As someone studying economics, there are a large range of career options open to you. If you have specialised in a particular area of economics, then you can use this information to narrow down your options to the kind of roles which will best fit your skills and interests. For those who have specialised in macroeconomics or monetary economics, we're going to look at some of the best career options in this field today. For a full list of current jobs check our jobs section.
Work for a central bank or financial institution
The most obvious role for someone who has studied macroeconomics or monetary economics is to work for a central bank or financial institution. These large, often international employers look at large-scale economic issues and employ many economists as researchers.
These jobs are suited to people who can cope with sifting through large amounts of data and can deal with complex economic models. Sometimes, a degree of comfort with risk and uncertainty is required. If you like the idea of travelling or living abroad, then these organisations often have branches in many locations around the globe, and can be amenable to you moving and working from a different location.
Some examples of employers in this area would be:
- European Central Bank (ECB) www.ecb.int
- Bank of England www.bankofengland.co.uk
- Asian Development Bank www.adb.org
- International Monetary Fund (IMF) www.imf.org
- World Bank www.worldbank.org
- World Economic Forum www.weforum.org
Work for the government
Another of the biggest employers of macroeconomists and monetary economists is the state. With your knowledge of complex economic systems and skills in data analysis and report writing, you can help with allocation of government funding, and plan long-term financial issues such as pensions or healthcare. Jobs with the government tend to be stable, so you can stay in the same job for a very long time without worrying about being made unemployed or having to job hunt. These jobs also tend to come with benefits like sick pay and more vacation days.
However, government work is not for everyone. It can be exceedingly slow to get anything done, which can be frustrating for those who like to move fast. This work requires you to think about the long-term and far-reaching implications of every course of action, so it's not the right role for someone who is flighty or impulsive. But if you can deal with this, then working for the state gives you the chance to put your education to the best possible use in helping people. You can look for jobs in your country's government or at a state or local level.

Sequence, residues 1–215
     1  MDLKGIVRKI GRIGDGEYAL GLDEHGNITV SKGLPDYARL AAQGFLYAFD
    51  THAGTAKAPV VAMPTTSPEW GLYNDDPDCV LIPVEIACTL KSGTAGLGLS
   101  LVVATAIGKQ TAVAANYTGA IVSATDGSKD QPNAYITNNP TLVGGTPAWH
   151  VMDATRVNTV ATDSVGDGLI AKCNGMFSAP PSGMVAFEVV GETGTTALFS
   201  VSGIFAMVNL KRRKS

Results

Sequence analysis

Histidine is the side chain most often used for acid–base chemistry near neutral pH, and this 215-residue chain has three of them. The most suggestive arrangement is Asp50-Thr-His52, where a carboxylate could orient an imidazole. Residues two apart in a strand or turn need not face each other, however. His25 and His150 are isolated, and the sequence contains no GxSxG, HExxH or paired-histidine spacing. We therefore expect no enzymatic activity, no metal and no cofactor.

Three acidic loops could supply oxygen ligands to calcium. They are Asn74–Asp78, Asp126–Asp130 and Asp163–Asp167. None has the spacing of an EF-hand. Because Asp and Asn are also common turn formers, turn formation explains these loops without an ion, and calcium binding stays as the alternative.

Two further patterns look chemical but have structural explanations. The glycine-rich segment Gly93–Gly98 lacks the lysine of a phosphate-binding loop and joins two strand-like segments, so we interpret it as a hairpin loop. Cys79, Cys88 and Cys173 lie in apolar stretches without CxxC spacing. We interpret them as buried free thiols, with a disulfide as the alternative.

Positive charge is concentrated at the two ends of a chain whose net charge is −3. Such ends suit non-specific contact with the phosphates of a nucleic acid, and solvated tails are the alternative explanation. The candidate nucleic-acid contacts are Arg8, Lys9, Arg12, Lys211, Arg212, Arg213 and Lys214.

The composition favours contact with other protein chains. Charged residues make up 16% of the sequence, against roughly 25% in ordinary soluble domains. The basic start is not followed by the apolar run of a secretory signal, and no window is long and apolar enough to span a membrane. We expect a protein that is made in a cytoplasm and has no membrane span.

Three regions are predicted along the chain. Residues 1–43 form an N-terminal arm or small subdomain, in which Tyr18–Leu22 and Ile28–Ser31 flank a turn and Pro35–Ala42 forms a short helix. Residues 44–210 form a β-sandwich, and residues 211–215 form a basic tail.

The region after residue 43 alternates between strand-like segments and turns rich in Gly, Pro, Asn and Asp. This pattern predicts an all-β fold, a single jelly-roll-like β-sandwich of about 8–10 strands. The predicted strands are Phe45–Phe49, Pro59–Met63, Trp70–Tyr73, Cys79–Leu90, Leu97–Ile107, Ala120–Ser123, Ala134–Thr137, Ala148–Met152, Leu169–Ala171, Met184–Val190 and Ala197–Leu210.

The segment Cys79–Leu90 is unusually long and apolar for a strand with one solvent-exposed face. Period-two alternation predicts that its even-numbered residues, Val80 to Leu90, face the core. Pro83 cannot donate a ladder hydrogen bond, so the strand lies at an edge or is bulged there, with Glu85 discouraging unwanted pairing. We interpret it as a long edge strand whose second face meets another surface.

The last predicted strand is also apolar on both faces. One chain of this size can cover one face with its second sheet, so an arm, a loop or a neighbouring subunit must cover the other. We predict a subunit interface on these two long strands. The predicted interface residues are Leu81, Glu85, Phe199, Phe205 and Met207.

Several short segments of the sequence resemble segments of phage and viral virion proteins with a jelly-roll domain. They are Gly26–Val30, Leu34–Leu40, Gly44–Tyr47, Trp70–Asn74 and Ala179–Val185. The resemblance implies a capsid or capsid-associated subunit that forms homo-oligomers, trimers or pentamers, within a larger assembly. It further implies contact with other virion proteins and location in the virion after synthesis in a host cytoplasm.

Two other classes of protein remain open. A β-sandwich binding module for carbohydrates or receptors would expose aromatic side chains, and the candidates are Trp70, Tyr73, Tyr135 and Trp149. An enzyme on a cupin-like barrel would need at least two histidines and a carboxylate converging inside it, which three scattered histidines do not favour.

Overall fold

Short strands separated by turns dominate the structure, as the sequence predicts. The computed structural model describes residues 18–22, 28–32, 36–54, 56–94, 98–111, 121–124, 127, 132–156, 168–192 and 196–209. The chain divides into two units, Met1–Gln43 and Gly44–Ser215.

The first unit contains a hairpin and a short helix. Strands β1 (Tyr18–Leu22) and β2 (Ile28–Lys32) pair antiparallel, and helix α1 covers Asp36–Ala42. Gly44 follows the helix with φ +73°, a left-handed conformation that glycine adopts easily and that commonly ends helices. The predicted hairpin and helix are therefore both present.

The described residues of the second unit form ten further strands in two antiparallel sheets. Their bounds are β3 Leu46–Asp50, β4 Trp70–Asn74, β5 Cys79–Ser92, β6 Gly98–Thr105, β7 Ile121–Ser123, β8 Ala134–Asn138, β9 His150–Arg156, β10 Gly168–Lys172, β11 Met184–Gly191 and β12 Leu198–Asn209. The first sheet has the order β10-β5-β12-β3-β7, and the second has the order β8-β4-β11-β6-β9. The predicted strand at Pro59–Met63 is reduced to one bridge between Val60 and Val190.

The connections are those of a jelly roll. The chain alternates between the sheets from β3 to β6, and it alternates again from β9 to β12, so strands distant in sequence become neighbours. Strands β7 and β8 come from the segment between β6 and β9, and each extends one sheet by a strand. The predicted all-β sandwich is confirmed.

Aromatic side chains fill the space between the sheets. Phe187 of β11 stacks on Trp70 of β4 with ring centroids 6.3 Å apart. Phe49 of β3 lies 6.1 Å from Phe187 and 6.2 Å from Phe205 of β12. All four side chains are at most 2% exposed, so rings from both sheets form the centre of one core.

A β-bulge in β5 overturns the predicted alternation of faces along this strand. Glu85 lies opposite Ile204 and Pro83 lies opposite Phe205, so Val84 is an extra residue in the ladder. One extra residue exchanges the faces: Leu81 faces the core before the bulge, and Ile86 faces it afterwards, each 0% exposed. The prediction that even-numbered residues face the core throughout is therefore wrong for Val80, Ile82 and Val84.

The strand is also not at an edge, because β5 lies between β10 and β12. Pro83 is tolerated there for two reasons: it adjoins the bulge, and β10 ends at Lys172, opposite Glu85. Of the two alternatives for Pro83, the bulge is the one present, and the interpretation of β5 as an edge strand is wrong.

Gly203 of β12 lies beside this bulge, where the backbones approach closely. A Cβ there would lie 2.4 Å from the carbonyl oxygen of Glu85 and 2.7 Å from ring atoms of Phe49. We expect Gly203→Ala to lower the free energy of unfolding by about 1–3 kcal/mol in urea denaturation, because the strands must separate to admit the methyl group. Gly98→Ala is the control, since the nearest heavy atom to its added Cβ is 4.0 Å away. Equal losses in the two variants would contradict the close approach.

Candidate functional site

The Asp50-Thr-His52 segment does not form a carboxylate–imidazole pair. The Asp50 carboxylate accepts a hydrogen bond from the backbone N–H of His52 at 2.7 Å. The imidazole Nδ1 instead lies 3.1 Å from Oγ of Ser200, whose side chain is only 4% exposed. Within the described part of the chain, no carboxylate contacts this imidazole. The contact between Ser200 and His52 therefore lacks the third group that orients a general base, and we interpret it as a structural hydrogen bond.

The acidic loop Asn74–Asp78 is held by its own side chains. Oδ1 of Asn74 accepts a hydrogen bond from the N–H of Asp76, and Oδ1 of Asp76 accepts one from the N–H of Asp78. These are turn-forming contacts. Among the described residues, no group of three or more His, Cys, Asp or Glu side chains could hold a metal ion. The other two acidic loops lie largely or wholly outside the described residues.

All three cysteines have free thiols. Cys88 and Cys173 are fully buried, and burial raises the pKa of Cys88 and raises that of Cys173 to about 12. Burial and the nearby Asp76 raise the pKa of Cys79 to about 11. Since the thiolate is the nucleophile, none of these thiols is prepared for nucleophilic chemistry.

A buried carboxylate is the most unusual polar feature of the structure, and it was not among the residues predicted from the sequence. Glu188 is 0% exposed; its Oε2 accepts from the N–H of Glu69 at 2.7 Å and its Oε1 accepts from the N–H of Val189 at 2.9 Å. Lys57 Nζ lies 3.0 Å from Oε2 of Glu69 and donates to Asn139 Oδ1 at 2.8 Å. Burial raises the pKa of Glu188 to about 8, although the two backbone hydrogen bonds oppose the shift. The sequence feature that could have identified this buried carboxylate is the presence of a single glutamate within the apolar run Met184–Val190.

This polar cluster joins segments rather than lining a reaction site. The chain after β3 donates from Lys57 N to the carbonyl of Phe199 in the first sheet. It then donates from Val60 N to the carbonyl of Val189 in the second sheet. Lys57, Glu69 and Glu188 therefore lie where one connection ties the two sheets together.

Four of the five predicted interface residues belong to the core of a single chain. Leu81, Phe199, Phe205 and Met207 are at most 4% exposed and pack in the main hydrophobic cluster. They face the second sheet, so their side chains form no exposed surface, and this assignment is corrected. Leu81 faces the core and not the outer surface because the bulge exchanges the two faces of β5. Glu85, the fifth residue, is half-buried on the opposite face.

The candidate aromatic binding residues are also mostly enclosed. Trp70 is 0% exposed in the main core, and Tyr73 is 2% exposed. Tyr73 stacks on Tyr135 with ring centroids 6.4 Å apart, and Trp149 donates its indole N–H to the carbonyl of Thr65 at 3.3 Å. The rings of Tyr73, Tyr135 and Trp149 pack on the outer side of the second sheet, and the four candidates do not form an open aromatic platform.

Work as a consultant
If you can handle regularly being dropped into new and unfamiliar situations, then you might consider working as a consultant. This work requires you to be adaptable and to come up with creative solutions to existing problems. If that sounds like something you'd enjoy, and you don't mind the idea of moving to a new company or location regularly, then one big upside of this work is that it tends to be very well paid, and that each company you work with will bring you new challenges so you're unlikely to get bored.
You could work for one of these consultancies:
- Deloitte http://www.deloitte.co.uk
- Oxford Analytica http://www.oxan.com
- Europe Economics www.europe-economics.com
- Frontier Economics http://www.frontier-economics.com
- CRA International http://www.crai.co.uk
Work for a think tank
If you like the sound of performing research and supporting policymakers, then you could work for a think tank. There are many think tanks with specialities in economics in general and macroeconomics or monetary economics in particular.
Some organisations to consider include:
- Institute of Economic Affairs www.iea.org.uk/
- Centre for Economic Policy Research www.cepr.org
- New Economics Foundation www.neweconomics.org
- CESifo Group – www.cesifo-group.de
If you're looking for more information on working as an economist, including job listings, careers advice, study advice, and much more, then head over to our website at INOMICS.COM. You'll find a wealth of information on employment and academia with a particular focus on economics.
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